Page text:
Job searching as a college student or recent graduate can seem arduous and difficult, especially if you’re not sure what you’re looking for yet—or how to find it. Luckily, the plethora of job search engines out there means that it’s easier than ever to find great jobs and make important connections at your dream companies, all from the comfort of your home computer. This overview will clue you in to the biggest, best, and newest up-and-coming job search engines out there to make your job search easier and more effective.
Let's start with SimplyHired, Indeed, CareerBuilder and Monster. These four sites are probably the biggest job search engines out there, with complex keyword search features, value-added content like blogs and job search checklists and the ability to save your searches, receive alerts and even create your own profile and resume so employers can search for you. No job search should fail to include these search engines. And although it’s not very feature-rich, you should also use your local Craigslist and newspapers to find job listings. You never know what you’ll find and, in some cities, there are hundreds of new posts a day!
Next up is LinkedIn, which has a powerful job search feature built into its website. (By the way, if you’re not on LinkedIn, make sure to sign-up—it is the best place to position yourself as a candidate, catch up on industry and company-specific news and become more visible to employers).
You can also use your LinkedIn login and tap into Jibe, a job search engine that leverages your Facebook and LinkedIn connections to help you find jobs at top companies that you’re already connected with through those social media sites. A lot of the newer search engines leverage all the information you give out on those sites to help deliver a personalized experience – and yes, you can opt out of sharing everything if privacy is a concern!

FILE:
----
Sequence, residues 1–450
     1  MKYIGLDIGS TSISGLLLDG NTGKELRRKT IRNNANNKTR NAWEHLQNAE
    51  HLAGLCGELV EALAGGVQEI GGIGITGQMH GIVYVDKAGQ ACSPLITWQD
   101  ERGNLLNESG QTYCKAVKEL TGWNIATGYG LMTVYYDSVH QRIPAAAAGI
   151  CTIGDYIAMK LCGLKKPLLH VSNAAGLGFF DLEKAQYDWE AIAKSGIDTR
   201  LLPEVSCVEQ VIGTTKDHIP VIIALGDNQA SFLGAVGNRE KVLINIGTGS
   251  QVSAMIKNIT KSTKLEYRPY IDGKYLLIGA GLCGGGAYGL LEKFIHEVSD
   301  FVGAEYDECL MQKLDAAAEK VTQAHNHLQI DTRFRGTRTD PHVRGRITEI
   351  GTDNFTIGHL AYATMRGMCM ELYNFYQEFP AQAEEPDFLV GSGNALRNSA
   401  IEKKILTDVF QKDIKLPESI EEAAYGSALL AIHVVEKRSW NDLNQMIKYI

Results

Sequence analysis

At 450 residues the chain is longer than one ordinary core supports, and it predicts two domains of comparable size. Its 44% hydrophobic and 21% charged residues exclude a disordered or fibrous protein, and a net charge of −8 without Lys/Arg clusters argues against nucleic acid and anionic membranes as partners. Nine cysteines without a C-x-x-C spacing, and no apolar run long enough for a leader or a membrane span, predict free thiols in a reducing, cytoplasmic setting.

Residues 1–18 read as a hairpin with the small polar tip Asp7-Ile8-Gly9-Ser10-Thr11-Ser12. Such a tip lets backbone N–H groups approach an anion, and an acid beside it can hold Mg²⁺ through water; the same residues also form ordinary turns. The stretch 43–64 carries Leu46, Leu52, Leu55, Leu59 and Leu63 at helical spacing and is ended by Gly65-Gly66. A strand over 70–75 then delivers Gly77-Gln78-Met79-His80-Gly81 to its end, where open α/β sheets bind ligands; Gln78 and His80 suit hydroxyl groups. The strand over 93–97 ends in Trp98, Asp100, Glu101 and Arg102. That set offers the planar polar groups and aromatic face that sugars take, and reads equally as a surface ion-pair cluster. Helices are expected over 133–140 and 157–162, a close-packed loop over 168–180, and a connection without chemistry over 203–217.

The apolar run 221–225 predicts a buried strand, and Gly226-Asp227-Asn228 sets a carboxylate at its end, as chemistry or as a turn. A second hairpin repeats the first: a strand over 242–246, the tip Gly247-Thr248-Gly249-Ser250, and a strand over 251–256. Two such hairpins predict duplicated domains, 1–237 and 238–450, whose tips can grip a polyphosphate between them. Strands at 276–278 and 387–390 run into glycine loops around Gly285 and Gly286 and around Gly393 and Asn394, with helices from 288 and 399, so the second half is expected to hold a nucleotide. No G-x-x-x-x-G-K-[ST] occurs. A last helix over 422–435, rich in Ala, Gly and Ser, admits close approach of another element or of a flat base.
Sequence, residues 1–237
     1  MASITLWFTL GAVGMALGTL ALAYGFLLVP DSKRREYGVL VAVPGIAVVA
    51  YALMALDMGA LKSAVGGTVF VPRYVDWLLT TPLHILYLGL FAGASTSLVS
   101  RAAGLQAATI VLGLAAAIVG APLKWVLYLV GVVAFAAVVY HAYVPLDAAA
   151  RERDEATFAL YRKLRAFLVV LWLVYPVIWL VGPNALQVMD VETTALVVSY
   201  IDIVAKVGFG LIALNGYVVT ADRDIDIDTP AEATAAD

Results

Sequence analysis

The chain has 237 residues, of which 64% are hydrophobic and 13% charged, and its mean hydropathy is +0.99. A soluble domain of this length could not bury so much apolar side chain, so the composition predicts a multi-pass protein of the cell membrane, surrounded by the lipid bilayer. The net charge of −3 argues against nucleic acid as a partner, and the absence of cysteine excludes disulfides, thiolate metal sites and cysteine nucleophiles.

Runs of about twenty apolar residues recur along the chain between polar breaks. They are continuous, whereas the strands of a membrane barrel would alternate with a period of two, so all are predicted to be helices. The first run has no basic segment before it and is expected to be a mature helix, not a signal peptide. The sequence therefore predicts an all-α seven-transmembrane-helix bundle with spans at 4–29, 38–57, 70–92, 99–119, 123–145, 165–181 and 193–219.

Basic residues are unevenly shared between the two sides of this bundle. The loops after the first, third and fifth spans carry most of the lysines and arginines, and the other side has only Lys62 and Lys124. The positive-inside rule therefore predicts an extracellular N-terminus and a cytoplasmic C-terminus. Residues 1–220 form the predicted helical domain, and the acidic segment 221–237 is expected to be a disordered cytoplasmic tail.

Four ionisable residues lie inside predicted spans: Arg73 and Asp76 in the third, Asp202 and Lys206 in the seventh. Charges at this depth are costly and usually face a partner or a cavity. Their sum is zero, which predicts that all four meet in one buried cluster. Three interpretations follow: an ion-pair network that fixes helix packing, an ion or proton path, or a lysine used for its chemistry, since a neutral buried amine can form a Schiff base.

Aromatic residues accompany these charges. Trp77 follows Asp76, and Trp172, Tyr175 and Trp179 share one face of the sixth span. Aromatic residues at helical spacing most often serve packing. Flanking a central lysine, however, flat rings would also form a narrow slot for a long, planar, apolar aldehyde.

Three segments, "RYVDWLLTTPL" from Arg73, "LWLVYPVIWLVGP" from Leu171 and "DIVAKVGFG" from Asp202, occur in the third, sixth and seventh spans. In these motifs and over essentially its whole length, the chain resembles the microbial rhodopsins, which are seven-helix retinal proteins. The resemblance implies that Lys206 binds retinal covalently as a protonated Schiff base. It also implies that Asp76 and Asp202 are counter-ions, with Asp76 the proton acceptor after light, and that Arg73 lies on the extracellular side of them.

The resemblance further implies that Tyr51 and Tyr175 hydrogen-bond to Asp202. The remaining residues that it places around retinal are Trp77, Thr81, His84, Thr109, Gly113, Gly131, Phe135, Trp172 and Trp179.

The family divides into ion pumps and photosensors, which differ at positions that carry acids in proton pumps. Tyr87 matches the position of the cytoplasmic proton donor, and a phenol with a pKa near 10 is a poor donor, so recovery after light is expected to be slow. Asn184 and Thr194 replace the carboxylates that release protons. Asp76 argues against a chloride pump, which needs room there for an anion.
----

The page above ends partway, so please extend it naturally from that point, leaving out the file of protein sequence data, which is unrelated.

Current students and grads can benefit from engines catering to them, like iGrad Job Genius, a job search engine created especially for students and recent graduates, with the option to search exclusively for entry-level jobs or internships. And membership (to view premium listings) is completely free. While you search, you can drag and drop your ideal jobs into the “Resume Optimizer” so you can start optimizing your resume with keywords that head hunters, recruiters and scanners use to locate candidates.
If you’re not ready for a full-time job, or want to juggle a few things at a time, FlexJobs is a professional search engine for people who are looking for flexible hours, telecommuting jobs, part-time jobs and more. There are also boatloads of extra features for members, like career aptitude tests, blogs, the ability to upload multiple candidate profiles, etc.
LinkUp is another unique resource for job searchers because, rather than search all the “pay-to-post” boards, it searches actual companies’ websites for job listings—over 20,000 companies, in fact. There is also Yoomly, a job search engine that lets you create a cool profile that specifies, among other things, your minimum hourly salary. Jobfox is another great choice. The Jobfox engine uses its proprietary Jobfox Mutual Suitability System™ Q&A to match you with opportunities that fit your unique skills, needs, and wants, giving you a closer fit in your search results.
Finally, there are also job search engines that target specific careers, fields or job types. There are too many to name here, but to point out just two, Mashable’s job board focuses on social media and web jobs, from software development to marketing jobs, and USAJOBS.gov lets you search all available federal government jobs.
Having your resume and profile up-to-date on several of the job search engines can be a great way to automate your career search. Don’t forget to sign up for keyword alerts, too—that way, you’ll never be last in line to apply for your dream job!
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